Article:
Welcome to West Coast winter 2018-2019, responsible for a snowbound Seattle (the most snow in February since the Truman administration), a soaked Los Angeles (its wet season rainfall exceeding 13 inches, more than 50 percent above average) and totally stoked skiers in between.
Through the weekend, the forecast models examining the atmospheric river event, due to arrive in force early Wednesday, were having a hard time pinning down intensity, location and duration. But the looming threat of warm rain sending torrents of snowmelt thundering into rivers, canyons, channels and arroyos has everyone a little on edge.
It was in early January 1997 that storms fed by the warm “Pineapple Express” melted snow high atop California’s mountain ranges, and that water coursed over saturated ground toward reservoirs already full because of an earlier wet month.
The atmospheric river now approaching California’s doorstep has been seen in computer models for more than a week, first showing up on scopes during the state’s soggy Super Bowl weekend. Since then, the forecasts occasionally have offered eye-popping numbers, like a 24-hour span in Los Angeles with more than six inches of precipitation, while another prediction, made Sunday, called for the AR to flow over Southern California for more than four days. Another prediction called for heavy rainfall in Southern California for 36 straight hours.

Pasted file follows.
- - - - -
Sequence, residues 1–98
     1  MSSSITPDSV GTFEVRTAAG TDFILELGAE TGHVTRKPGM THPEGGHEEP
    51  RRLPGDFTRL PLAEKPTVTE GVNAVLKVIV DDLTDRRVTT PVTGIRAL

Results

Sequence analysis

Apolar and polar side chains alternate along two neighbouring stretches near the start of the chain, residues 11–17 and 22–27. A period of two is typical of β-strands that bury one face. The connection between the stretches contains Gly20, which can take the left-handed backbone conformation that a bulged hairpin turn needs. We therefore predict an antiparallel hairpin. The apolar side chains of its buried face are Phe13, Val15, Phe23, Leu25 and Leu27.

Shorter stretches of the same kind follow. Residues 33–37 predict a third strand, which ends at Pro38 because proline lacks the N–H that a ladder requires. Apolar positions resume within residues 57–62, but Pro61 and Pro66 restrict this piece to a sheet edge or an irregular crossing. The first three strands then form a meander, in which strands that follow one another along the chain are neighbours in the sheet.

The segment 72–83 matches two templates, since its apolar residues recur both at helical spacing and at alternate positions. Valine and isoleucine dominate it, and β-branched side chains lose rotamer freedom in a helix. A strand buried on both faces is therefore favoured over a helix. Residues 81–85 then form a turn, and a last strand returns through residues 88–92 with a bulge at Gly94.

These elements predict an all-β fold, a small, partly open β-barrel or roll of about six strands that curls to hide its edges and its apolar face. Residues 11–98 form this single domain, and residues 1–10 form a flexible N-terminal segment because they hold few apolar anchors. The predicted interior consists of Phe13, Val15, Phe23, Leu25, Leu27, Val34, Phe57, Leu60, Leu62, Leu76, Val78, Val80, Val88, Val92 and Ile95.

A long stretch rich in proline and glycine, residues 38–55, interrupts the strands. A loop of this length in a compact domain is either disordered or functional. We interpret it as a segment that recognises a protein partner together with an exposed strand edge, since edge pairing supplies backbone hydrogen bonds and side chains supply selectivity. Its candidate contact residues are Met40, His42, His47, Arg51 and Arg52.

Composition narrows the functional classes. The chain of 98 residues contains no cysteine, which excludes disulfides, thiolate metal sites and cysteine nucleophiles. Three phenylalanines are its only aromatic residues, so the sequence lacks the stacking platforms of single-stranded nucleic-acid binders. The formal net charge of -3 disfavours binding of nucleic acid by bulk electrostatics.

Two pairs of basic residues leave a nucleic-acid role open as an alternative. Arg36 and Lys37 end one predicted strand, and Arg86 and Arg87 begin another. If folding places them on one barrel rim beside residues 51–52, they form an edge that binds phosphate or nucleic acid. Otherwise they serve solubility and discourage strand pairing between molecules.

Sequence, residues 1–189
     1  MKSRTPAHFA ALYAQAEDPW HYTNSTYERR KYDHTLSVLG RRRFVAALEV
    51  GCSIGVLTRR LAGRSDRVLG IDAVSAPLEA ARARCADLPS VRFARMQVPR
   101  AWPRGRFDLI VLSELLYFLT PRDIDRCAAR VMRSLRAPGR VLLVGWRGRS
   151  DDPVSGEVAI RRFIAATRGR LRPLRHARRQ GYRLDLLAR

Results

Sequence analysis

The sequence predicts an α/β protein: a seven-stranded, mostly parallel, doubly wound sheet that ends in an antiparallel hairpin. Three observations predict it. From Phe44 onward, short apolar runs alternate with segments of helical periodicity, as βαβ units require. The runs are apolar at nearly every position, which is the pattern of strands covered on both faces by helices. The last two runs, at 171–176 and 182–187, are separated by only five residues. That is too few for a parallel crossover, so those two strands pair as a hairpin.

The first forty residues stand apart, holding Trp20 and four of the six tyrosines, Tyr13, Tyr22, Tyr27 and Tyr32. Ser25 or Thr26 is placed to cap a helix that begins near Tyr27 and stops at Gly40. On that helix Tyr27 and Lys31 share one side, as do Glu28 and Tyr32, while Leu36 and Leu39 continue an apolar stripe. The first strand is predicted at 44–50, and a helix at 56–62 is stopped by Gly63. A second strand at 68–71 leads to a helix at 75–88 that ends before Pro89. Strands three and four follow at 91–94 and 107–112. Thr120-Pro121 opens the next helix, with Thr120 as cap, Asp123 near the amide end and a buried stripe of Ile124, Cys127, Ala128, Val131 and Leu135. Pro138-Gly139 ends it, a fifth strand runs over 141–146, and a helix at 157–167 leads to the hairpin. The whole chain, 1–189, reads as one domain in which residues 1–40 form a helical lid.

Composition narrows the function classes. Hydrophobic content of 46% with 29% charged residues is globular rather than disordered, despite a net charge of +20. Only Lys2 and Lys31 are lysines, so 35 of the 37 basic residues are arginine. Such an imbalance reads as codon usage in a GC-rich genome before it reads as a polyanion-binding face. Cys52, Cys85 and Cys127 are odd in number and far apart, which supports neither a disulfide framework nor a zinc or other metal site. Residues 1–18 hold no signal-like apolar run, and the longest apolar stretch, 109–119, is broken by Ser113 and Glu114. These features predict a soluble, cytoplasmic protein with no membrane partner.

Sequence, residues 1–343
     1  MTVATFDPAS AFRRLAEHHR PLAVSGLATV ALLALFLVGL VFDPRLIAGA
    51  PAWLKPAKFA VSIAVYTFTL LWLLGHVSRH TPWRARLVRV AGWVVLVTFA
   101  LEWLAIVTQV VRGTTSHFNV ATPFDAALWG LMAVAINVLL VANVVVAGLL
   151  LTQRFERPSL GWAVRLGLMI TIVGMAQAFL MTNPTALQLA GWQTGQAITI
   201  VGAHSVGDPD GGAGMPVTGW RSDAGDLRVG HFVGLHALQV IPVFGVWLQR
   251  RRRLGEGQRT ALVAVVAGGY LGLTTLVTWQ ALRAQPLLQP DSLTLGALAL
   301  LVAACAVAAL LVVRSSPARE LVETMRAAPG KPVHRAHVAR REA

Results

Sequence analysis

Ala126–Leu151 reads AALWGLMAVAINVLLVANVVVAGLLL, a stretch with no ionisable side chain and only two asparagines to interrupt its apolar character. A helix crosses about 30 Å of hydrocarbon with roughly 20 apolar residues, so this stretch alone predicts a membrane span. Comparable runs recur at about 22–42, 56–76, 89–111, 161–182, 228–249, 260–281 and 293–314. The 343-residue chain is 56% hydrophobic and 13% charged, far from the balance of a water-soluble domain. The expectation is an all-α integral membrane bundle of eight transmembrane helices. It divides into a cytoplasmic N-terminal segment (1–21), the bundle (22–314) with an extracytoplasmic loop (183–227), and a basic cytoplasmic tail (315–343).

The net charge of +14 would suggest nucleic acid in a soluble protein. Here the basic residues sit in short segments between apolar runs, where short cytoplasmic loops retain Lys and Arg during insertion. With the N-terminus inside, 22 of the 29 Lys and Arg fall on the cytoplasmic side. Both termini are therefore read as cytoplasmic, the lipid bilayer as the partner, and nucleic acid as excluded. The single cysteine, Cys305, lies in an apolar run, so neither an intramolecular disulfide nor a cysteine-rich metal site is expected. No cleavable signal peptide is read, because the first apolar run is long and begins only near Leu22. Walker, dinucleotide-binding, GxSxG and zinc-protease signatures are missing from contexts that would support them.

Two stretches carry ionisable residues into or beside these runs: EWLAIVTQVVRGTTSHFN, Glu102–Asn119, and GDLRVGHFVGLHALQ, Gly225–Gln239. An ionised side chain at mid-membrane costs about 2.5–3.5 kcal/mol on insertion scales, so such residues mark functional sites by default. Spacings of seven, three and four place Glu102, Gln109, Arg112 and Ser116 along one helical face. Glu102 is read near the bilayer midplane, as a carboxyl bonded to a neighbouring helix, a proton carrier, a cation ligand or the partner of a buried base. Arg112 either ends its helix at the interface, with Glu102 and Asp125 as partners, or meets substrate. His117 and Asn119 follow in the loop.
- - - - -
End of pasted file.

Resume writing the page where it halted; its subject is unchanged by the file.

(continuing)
Current forecasts call for one to three inches of rain around Los Angeles.
Heavy rain and high winds are also predicted in the San Francisco Bay area.
The damage this atmospheric river can cause is all about timing.
While streaming toward the mainland from Hawaii is a significant amount of moisture — remains of the Kona low that sent hurricane-force winds over the Big Island’s tallest peaks during the weekend — a pair of low-pressure systems are sliding down the back (eastern) side of a high-pressure system over Alaska. A delay here, combined with an accelerated arrival there, means the difference between even more gnarly powder at the resorts or evacuation orders ahead of rising rivers.
No matter the when and where, this event will be the first real-time test of a new categorization system for atmospheric rivers. The scale, developed by a team led by the Center for Western Weather and Water Extremes, takes into account a river’s strength (as measured by the water vapor it carries) and how long the fire hose of moisture stays pointed at one area. It’s a nod to the reality that even a weak system can wreak havoc if it hangs around the house long enough.